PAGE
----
In a recent tax court case, the taxpayer brought an application to amend an objection. Whilst the facts appear to be not fully ventilated in the judgment, it seems rather a curious scenario that leaves one with more questions than answers.
The facts of the case, as far as can be established from the judgment, are as follows:
The taxpayer had been assessed by SARS and submitted an objection against same. However, following advice, decided to abandon the objection. Some time afterwards, the taxpayer received conflicting advice presumably to the effect that the objection ought not to be abandoned but rather pursued on different grounds. The taxpayer then decided to bring an application in the Tax Court for the objection to be amended. With the taxpayer and SARS agreeing that the rules that govern objection and appeal are silent on this issue, the court reverted to tax court rule 42 and decided the application under the Uniform Rules of court and the relevant authority governing amendment and decided to allow the taxpayer’s application.
This seems rather strange for at least two reasons:
Objections are governed by very strict time periods. Taxpayers must object within 30 business days from date of assessment. Failing that, the taxpayer must ask SARS to condone the late filing of an objection, but SARS has no discretion to condone an objection submitted more than 3 years from date of assessment; and
Assessments are final, if:
- after an objection has been lodged it is withdrawn; or
- after SARS disallowed the objection, no appeal is filed.
Whilst the amount of time that, in the case in question, lapsed from the date of assessment and the application to amend is not certain, it seems, from the defence raised by SARS, that more than three years have in fact lapsed. If indeed this is the case, it hardly makes sense to allow an amendment to an objection which clearly cannot be entertained on grounds of being too late. Or is the correct interpretation that the objection that went in originally was on time and that the amendment is not a new objection for which condonation should be required? Surely this can’t be. If true, it means that a taxpayer can simply submit an objection and amend same any time thereafter without having to ask for condonation in terms of the TAA? Indeed, the taxpayer would have to prove the circumstances which allow for amendment are present but surely that cannot replace the requirements that must be present for SARS to grant condonation as it would render the TAA requirements redundant?
With reference to the finality of assessments: could it not be argued that the assessment in question had become final because the taxpayer withdrew same by way of abandonment? If so, then allowing an amendment to an objection would serve no purpose as no matter how compelling such amended objection might be, the assessment to which it relates has become final and therefore the objection can never succeed? Why then allow amendment? Or perhaps an objection is only withdrawn when notice is given of withdrawal (as in the case of appeals) and the taxpayer in question presumably did not do so? If so, then indeed, SARS would have no defence on this basis of finality.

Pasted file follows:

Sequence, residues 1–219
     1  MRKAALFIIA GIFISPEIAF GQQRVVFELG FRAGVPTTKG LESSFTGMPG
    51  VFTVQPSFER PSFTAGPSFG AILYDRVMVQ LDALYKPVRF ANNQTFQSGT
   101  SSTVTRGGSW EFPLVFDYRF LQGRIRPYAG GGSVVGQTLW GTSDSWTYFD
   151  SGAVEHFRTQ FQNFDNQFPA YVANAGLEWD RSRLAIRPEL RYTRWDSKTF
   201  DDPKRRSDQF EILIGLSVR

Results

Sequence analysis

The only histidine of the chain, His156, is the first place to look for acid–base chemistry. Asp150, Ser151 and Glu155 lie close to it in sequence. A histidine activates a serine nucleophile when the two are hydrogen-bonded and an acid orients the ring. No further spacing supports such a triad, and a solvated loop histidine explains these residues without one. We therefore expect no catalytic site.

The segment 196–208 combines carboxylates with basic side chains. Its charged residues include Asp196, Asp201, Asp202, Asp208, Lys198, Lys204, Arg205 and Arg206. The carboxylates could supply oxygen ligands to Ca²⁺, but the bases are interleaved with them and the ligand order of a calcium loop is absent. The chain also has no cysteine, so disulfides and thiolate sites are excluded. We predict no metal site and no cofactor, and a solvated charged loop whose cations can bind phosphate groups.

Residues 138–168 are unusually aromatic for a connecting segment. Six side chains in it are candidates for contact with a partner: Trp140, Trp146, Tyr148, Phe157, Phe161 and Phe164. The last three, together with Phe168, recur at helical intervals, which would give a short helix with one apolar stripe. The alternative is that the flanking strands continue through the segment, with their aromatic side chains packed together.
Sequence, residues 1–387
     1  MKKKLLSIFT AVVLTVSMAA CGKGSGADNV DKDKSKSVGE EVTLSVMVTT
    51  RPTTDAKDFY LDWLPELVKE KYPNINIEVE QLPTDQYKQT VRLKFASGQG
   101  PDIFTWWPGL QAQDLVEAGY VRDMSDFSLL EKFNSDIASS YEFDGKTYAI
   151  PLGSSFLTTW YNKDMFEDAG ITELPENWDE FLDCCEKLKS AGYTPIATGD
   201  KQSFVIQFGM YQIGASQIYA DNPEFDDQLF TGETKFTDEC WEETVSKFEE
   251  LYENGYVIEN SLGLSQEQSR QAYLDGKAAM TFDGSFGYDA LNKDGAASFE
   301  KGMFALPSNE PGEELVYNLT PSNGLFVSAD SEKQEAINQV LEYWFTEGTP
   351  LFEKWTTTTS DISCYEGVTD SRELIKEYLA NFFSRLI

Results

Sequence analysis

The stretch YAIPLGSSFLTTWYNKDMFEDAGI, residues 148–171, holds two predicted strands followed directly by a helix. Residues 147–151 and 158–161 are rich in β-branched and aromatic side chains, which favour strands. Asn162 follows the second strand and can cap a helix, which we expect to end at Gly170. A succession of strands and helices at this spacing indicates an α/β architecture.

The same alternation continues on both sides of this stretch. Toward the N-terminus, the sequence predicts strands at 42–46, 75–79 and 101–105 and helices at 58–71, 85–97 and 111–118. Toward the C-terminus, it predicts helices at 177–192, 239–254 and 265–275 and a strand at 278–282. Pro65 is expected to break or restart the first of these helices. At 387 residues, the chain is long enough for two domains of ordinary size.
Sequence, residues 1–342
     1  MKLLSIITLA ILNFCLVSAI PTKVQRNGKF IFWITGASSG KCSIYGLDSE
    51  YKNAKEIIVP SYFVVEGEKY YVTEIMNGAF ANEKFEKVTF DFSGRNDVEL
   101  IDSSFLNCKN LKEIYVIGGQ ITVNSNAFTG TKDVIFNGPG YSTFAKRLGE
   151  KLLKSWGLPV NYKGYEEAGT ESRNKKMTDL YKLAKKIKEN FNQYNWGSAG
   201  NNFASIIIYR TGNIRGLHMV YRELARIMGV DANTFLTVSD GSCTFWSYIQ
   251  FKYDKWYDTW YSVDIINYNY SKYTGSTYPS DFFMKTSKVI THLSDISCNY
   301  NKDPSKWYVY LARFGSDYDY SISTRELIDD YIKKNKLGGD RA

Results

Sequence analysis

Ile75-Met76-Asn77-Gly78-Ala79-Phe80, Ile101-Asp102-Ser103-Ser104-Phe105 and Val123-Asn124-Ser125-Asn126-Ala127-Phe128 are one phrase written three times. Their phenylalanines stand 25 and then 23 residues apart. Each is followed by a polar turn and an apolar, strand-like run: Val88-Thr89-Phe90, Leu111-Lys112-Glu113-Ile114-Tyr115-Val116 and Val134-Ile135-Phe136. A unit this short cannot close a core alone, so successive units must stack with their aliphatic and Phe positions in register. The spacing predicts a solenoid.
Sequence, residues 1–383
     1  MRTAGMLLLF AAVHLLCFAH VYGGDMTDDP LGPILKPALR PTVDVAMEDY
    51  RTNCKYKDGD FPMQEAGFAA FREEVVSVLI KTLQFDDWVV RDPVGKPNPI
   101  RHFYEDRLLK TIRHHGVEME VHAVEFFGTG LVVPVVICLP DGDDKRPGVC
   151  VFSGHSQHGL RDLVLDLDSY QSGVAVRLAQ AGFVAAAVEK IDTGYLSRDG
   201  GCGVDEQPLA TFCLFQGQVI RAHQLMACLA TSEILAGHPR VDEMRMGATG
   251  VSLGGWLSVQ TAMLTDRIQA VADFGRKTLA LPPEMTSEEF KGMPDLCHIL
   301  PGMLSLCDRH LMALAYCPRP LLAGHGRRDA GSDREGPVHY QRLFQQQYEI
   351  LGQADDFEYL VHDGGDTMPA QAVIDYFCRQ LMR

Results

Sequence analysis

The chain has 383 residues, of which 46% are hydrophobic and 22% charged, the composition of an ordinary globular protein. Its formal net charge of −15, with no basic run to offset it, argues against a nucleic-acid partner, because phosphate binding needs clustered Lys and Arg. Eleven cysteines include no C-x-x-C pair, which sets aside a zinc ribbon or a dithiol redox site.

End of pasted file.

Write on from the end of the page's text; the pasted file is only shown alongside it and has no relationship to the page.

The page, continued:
SARS also did not appear to defend the taxpayer’s application on the ground that the assessment has become final following the outcome of objection. Surely, if an outcome has been given in respect of that objection and no appeal has been filed, the assessment would undoubtedly be final, making any amendment to the objection superfluous. Perhaps the reason why SARS did not raise this is that SARS, as they often do (unless properly dealt with), simply never responded to the initial objection submitted by the taxpayer, which means the assessment could not have become final on this basis – SARS thereby being, at least partly, the author of their own fate.
Perhaps, however, the correct answer is that the time periods and finality of assessments are irrelevant to whether an amendment may be granted and that even though the taxpayer should be allowed to amend, any such amendment would be to no avail as the amended objection cannot succeed on the basis of being too late or on the basis that the assessment had become final. If this is the case, then the taxpayer, in this case, might have won the battle but will end up losing the war.
Perhaps a better strategy for the taxpayer, in this case, may have been to force SARS to make a decision on the initial objection by way of, for example, serving notice of intention to launch default judgment proceedings under rule 56 of the Tax Court rules (such decision having seemingly not been made in this case otherwise the assessment would undoubtedly have become final) and raising the new grounds on appeal, which is perfectly permissible as long as the new grounds are what we call “permissible new grounds” for appeal.
The curiousness of this case and the questions it raises may be attributed to the fact that all the facts were not fully set out in the judgment. However, we would venture to guess that this judgment will likely be relied on by taxpayers in certain circumstances and if successful, may achieve anomalous results. We can only hope that the facts and reasons for this judgment become clearer in due course.
 ABC Limited v CSARS (92/2019) (31 May 2021).